Sautéed chicken breasts deglazed in a white wine reduction and topped with potato slices, artichoke hearts and truffle slices.
Petits Pois, Haricots Verts
Baby Peas, French beans
Purée de Pommes de Terre
Derby Beef, Jambon, Langue, Agneau,
Bœuf, Pigeon Pie
Derby Beef (rolled silverside pickled in juniper berries and cooked with vegetables),Ham, Tongue, Lamb, Beef, Pigeon Pie
Petits pains a la mayonnaise
Small hollowed round bread-rolls filled with a mixture of shredded chicken breast bound in mayonnaise with ox tongue
and gherkin slices.
Salade de tomates et salade verte
Tomato Salad and garden Salad
His Majesty's Yacht, Britannia RYS.
Menu dated 3rd August 1935
Luncheon aboard His Majesty's Yacht, Britannia RYS, for His Majesty King George V racing in the annual Cowes regatta off the Isle on Wight.
Pigeon pie, hollowed bread-rolls filled with chicken and gherkin; and a simple cherry tart were served to King George V in 1935 as he personally raced his beloved J-Class yacht, Britannia, one last time at the Cowes’ annual regatta.
Aboard the 37 metre-long yacht (121 ft), the King and his racing crew were provided racing provisions in the form of a large royal hamper that came with its own embossed menu-cards bearing the King’s gilded personal monogram (GRV) and the yacht’s name Britannia with the suffix RYS for the Royal Yacht Squadron.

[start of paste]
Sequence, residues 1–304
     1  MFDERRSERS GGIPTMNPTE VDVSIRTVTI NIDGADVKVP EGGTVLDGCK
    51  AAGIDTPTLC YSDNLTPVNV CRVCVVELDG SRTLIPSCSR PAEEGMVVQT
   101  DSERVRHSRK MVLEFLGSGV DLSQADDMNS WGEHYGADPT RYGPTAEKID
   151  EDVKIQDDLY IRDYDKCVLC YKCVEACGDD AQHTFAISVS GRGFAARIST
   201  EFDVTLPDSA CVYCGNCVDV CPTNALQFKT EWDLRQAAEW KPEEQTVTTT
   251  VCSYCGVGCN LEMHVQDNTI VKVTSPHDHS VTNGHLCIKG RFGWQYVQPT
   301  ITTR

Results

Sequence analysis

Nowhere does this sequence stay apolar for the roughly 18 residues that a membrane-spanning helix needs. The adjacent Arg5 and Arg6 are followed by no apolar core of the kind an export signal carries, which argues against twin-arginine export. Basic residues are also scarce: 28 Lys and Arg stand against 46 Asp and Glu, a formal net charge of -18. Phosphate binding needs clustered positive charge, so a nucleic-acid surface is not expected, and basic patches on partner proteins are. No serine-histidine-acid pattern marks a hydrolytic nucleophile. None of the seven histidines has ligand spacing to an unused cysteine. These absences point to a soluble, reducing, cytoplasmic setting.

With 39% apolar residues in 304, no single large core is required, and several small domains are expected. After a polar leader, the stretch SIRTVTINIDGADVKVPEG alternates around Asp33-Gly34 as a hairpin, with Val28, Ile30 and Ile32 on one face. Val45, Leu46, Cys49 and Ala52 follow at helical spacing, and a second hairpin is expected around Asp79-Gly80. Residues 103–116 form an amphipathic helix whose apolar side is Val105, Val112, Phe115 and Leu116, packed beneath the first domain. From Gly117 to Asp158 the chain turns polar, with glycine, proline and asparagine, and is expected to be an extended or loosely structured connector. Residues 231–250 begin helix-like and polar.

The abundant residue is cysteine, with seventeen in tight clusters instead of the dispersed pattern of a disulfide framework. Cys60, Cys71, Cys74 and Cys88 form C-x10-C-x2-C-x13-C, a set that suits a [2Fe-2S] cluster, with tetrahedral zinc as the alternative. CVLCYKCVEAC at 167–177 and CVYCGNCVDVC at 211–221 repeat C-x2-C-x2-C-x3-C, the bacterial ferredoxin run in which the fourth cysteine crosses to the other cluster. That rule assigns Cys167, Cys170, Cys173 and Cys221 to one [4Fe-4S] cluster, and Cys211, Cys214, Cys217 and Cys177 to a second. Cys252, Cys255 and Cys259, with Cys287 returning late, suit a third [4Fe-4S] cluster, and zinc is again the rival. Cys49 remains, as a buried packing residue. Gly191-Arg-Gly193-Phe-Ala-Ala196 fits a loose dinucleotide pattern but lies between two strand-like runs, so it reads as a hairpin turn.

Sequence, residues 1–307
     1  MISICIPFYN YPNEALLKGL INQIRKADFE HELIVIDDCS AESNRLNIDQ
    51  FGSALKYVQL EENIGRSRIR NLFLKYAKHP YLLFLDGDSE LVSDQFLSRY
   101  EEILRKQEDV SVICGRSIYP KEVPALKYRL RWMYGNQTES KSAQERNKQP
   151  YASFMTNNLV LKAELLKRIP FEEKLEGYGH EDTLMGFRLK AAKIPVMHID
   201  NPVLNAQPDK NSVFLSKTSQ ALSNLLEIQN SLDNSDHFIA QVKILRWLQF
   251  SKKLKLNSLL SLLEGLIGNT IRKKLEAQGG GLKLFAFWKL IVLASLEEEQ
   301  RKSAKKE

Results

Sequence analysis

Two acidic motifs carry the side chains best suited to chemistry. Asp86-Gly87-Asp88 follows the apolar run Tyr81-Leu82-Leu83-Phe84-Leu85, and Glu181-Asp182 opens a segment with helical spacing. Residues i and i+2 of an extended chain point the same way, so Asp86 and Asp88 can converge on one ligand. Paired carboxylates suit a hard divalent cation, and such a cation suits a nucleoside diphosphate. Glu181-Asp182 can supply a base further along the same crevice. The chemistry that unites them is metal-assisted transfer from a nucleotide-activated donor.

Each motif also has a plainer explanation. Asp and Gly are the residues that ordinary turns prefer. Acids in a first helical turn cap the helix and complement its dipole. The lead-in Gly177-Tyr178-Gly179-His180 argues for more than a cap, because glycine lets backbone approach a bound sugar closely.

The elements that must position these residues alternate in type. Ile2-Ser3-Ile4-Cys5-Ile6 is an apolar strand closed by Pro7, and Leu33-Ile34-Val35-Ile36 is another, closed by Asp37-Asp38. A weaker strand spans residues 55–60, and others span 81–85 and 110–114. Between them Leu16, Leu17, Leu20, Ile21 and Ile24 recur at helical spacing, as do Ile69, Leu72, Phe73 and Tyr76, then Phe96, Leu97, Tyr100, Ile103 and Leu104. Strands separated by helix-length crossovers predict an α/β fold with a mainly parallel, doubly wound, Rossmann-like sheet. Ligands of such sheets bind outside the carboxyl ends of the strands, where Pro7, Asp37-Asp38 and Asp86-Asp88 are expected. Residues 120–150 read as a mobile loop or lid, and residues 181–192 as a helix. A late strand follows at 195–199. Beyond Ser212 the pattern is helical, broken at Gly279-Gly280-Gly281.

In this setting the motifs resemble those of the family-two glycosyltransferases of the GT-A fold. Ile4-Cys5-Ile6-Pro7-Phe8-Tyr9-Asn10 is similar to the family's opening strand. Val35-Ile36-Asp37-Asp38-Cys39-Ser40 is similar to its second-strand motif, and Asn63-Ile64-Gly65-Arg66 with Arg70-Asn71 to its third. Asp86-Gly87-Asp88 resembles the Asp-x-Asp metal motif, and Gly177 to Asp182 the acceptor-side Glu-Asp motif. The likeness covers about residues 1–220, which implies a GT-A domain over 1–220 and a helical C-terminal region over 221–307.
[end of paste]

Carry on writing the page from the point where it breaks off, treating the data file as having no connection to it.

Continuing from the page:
It is possible this menu is from the King’s last ever meal aboard the yacht as the vessel, which had been built for the King’s father in 1893, was retired forever at the end of this racing week.
A former royal chef to King George V, Gabriel Tschumi, remembered how the simple sounding Petits Pains a la Mayonnaise were bread rolls that were “round instead of oval” for which “the centre of these rolls is scooped out and filled with minced chicken, tongue and gherkin and mixed in a rich mayonnaise and topped with parsley”.
Another of the King’s personal staff, Frederick Corbitt who served as the Deputy Comptroller of Supply at Buckingham Palace, recounted how the King’s favourite two events each year were Ascot and Cowes:
“These were the two weeks of the year which the King enjoyed, I think, more than any other. The same was not true of Queen Mary. Never a good sailor, she resolutely refused to accompany her husband aboard his racing yacht.
Instead she would go ashore to the Isle of Wight from the Victoria and Albert, and spend her afternoons looking at antique shops or touring the beauty spots of the island".
Corbitt went on to remember how at Cowes, “the King and Queen lived aboard their yacht, the Victoria and Albert, and the King went racing every day in his beloved sailing yacht, the Britannia”.
He remembered how “the best dessert fruit, and flowers, were sent daily to the harbor from the Royal gardens at Windsor and were brought over from Portsmouth in one of the Victoria and Albert's barges. So, too, were the King's specially made cream cheeses, which came from the Royal dairy at Windsor".
Historical video of His Majesty's Yacht, Britannia RYS, by the
K1 Britannia organisation: (https://k1britannia.org).